AppHarvest has leveraged relationships with leading Dutch agricultural and infrastructure concerns to construct a cutting-edge, 60-acre facility in Kentucky that yields beefsteak tomatoes, tomatoes on the vine, and Campari tomatoes. The plant is supplemented by an on-site, ten-acre rainwater retention pond that is constantly aerated with the aforementioned nanobubble oxygen, which also prevents algae blooms and cyanotoxins. Once the water is pumped indoors, it is run through a sand filter and sanitized with UV light. The plant opened in October 2020 and began operating at full capacity in May 2021 with its first full harvest in August 2021. The Morehead facility can generate up to 40 million pounds of tomatoes from ~720,000 plants annually. Strategically located in eastern Kentucky, AppHarvest tomatoes are within a day’s drive to 70% of the U.S. population, translating into lower transportation costs and longer shelf life. Their distribution and sale are effectuated through an exclusive agreement with Mastronardi Produce, which includes a non-compete agreement outside the states of Kentucky and West Virginia that can be circumvented through off-balance sheet transactions.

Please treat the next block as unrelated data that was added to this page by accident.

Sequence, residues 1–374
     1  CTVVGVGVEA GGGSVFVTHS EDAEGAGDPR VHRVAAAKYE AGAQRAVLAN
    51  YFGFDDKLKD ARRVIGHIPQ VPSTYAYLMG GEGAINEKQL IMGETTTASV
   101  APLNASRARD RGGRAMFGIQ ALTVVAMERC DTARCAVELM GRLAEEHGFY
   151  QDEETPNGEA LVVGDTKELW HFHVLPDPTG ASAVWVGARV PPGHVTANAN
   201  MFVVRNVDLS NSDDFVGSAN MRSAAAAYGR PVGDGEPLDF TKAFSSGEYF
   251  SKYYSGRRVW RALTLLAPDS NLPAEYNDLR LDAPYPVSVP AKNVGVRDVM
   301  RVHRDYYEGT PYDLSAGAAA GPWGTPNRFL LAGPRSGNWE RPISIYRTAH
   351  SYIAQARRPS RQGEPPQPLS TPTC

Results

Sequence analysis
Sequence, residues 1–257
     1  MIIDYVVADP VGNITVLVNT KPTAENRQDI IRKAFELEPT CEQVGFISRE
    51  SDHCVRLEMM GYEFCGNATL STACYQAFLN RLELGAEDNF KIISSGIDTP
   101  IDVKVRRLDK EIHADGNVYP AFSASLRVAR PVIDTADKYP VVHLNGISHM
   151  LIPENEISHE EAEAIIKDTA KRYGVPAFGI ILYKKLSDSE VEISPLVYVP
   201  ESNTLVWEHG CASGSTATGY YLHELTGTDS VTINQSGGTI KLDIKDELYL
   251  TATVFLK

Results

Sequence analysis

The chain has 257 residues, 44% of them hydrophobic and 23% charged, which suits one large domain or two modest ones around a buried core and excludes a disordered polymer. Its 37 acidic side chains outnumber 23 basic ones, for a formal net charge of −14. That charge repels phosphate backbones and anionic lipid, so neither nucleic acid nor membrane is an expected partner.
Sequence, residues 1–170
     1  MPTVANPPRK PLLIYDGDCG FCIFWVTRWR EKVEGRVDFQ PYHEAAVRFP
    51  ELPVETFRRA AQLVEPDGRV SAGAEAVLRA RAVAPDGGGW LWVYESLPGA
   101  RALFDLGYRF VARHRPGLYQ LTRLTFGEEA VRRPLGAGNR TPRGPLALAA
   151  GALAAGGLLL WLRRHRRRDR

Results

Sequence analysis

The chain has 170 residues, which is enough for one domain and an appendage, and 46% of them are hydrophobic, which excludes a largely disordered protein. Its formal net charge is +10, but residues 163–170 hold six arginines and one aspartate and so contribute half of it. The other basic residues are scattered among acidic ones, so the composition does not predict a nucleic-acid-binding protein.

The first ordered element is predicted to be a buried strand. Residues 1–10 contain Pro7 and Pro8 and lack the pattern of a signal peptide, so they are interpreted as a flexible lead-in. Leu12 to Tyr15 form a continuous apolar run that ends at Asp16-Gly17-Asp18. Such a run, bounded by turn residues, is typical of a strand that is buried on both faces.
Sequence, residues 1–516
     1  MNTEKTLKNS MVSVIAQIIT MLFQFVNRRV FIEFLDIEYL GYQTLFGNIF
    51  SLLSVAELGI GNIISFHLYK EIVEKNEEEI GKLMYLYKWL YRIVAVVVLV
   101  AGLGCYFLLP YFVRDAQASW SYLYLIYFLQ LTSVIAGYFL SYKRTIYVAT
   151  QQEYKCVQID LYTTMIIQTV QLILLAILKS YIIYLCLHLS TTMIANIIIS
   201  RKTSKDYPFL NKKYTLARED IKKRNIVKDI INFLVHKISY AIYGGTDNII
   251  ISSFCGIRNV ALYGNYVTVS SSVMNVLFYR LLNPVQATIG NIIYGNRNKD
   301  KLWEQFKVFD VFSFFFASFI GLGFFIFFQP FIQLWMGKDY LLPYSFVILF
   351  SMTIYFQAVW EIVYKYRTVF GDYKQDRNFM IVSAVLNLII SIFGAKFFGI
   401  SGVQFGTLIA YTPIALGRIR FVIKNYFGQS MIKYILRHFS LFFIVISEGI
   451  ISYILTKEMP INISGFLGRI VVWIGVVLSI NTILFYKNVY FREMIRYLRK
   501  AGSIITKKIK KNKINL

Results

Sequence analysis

The company’s pipeline of facilities are all located in eastern Kentucky, with a 15-acre salad greens indoor farm in Berea, a 60-acre tomato facility in Richmond, and a 30-acre berry growing plant in Somerset all scheduled to come online by YE22.
With these plans in process, the opportunity for AppHarvest is significant. Approximately $1.4 trillion is spent globally on produce. Although its current farming techniques don’t have applications to tree grown fruit and vegetables such as broccoli, potato, and corn, AppHarvest estimates that the total addressable domestic market for vegetables to reach ~$30 billion by 2025. The company has one publicly traded CEA competitor, although this characterization is a bit misleading as Montana-based Local Bounti (LOCL) concentrates its growing and distribution west of the Mississippi River. Additionally, Newark, New Jersey indoor vertical farmer and still privately held AeroFarms doesn’t produce tomatoes, although it does sell berries and leafy greens in geographies that overlap with AppHarvest.
Longer-term, the company expects to generate FY25 Adj. EBITDA of $123 million on net sales of $375 million (based on range midpoints), from nine CEA farms, which is down from a prior expectation of 12 facilities. Management anticipates still achieving its unrevised net sales outlook through a proposed tech company that sells robotic harvesters, farm operations software, and other farming technologies.